Q: Do I still need an extension of time while employed by the Government/State of Antigua and Barbuda?
A: Ordinarily YES. However persons who are citizens of OECS Protocol States and Skilled Certificate Holders and spouses of Skilled Certificate holders may be exempted from this requirement. All such persons must report to the Immigration Department to apply for the exemption.
Q: If I have a work permit, do I automatically qualify for an extension of stay?
A: No. A bona fide visitor has no legal right of abode and therefore has no legal right to an extension of their stay. A work permit is granted by the Labour Department while an extension of stay is granted by the Immigration Department both of which are bound by different legislation which creates different requirements for each permit.
Q: Can my entry permit or extension permit be cancelled?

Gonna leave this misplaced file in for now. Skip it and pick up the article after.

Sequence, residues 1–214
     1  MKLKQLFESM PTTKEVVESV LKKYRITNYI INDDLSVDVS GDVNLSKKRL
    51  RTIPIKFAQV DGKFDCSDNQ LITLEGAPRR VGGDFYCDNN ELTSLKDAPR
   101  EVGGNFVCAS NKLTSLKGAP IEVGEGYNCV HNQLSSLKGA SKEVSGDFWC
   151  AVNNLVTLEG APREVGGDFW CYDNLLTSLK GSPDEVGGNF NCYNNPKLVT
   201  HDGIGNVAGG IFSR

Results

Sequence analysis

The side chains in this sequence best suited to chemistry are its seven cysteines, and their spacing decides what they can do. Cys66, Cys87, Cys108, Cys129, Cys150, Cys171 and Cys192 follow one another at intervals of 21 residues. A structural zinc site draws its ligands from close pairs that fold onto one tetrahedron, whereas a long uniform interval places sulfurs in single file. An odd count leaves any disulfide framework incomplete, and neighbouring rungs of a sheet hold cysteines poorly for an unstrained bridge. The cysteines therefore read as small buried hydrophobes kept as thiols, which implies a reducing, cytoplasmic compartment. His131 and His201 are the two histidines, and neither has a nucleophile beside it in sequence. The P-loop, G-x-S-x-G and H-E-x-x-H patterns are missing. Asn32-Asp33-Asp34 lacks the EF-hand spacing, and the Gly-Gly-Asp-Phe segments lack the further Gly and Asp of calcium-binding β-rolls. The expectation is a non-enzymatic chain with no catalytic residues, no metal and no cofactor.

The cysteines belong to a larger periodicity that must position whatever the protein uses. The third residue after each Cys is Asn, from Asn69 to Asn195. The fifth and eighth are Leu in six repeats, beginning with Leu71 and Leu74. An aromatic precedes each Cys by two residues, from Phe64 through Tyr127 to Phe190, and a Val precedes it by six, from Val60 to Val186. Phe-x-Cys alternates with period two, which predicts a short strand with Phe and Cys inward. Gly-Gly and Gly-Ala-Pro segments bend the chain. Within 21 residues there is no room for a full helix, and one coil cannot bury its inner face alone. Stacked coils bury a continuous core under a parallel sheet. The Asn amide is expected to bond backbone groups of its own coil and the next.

A: YES. Any permit issued by the Immigration Department may be cancelled for a number of reasons including but not limited to the holder breaching any of the laws of Antigua and Barbuda or the sponsor of the visitor withdraws their sponsorship.
Q: Does having a work permit mean that I am a resident of Antigua and Barbuda?
A: NO. A work permit means that the holder is a bona fide visitor with conditional permission to work in Antigua and Barbuda.
Q: Who is a sponsor?
A: A sponsor is any person who is a citizen or resident of Antigua and Barbuda who accepts a legal and financial responsibility for any bona fide visitor to Antigua and Barbuda in accordance with the provisions of the Immigration and Passport Act 2014.
Q: What qualifies a person to be a sponsor?